Nissan (NASDAQOTH:NSANY) unveiled its all-new 2017 Titan pickup at an event in New York on Thursday. The Titan is a half-ton full-size pickup truck that will compete directly against Detroit icons, including Ford's (NYSE:F) vaunted F-150.
What Nissan said
The new Titan will be available only in Crew Cab form when it launches "in the late summer of 2016," Nissan said. The Titan Crew Cab was the only version shown in New York. Nissan said that single-cab and "King Cab" versions will arrive later in the 2017 model year. The new Titan will join its heavier-duty sibling, the Titan XD, which has been on the market for a few months.
"Titan shares its aggressive style with the Titan XD, but the two vehicles are completely different underneath the skin," said Nissan's North America trucks chief, Fred Diaz. "Titan will compete in the heart of the full-size pickup segment -- the half-ton -- while the Titan XD provides a unique solution for customers by bridging the cost and capability gap between traditional half-ton and full heavy-duty pickups. Between Titan and Titan XD, we will cover about 85% of the full-size truck market."
The new Titan will be available in 4x2 and 4x4 drive configurations, and with three different bed lengths. The only engine option available at launch will be a 5.6 liter V8 with 390 horsepower, although a V6 gasoline engine will be offered later on.
The new Titan will be built at Nissan's plant in Canton, Mississippi.
Does the Titan have a chance against market leader Ford?
To be blunt: Probably not. But the new Titan certainly stands a chance of improving on its predecessor's dismal sales record, perhaps in a big way. Nissan sold just 12,140 Titans in all of 2015. That's about equivalent to a week's sales of Ford's F-Series lineup. Or put another way, Ford sold a little over 64 full-size pickups for every one that Nissan sold in the U.S. last year (Ford sold 780,354 F-Series pickups in 2015).
To be fair, the outgoing Titan is a model that has more than run its course -- it was introduced way back in 2003. While the new truck looks likely to generate a big bump in sales, at least initially, the new Titan's total sales volumes are unlikely to scare the Blue Oval and its Detroit rivals, who have long dominated the full-size pickup segments.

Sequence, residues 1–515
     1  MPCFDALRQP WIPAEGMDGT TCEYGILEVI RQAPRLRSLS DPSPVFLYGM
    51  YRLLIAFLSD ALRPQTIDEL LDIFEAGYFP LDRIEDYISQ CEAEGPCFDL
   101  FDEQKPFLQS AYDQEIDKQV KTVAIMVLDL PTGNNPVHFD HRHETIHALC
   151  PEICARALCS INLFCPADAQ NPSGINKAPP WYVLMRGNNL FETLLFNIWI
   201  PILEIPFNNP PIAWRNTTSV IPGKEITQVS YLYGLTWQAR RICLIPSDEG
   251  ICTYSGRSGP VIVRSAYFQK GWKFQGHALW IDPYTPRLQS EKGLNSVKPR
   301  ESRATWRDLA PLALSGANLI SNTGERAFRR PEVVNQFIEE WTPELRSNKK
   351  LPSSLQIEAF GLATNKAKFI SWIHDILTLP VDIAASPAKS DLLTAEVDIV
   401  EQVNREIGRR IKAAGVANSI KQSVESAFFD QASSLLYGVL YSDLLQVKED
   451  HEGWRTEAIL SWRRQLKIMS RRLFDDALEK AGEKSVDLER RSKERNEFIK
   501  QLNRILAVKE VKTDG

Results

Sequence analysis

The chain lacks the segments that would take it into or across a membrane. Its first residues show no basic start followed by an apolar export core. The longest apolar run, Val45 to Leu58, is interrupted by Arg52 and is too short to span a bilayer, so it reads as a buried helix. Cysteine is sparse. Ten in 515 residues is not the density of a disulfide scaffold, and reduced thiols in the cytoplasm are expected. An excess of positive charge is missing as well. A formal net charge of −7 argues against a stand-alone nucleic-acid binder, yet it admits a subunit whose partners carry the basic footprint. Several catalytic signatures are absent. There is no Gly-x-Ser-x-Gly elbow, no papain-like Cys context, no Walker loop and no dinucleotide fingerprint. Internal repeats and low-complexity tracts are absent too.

But there are hints that Nissan has surprisingly high expectations for its new truck.
Nissan is making a substantial bet with the new Titan, with (eventually) three different cab configurations, three bed lengths, and two different powertrains. That all represents a sizable investment, one that anticipates a lot more than 12,000 sales a year.
The Titan certainly looks the part up close, with a handsome chrome grille and a brawny presence that should stand up just fine when it's parked next to its Detroit rivals. Nissan hasn't yet announced the new Titan's towing capacity, but that brawny V8 should give the new Nissan some very competitive numbers.
It looks the part inside, too. I spent a few minutes sitting in a preproduction example that appeared to be the same truck that Nissan used in the official photos that you see here. That particular truck was a top-trim model, with wood-grain trim and plush leather. But note the photo below.
This particular truck was loaded with high-tech features, but see how the buttons and knobs are all fairly large? That's critical for a market segment in which buyers expect to be able to operate their vehicles while wearing work gloves. Nissan did its homework on this one.
The upshot: It should boost Nissan's truck sales, but by how much?
No matter how good it is, the new Titan faces a probably insurmountable challenge: American pickup customers strongly favor American-brand pickups.
Nissan isn't the only Japanese automaker that has been trying to get traction in America's truck market: Toyota (NYSE:TM) sells more Tundras than Nissan does Titans, but compared to Detroit it still doesn't sell very many. With the new Titan, Nissan appears to be making a big bet that it can change that -- but history suggests that the odds will be long.
John Rosevear owns shares of Ford. The Motley Fool owns shares of and recommends Ford. Try any of our Foolish newsletter services free for 30 days. We Fools may not all hold the same opinions, but we all believe that considering a diverse range of insights makes us better investors. The Motley Fool has a disclosure policy.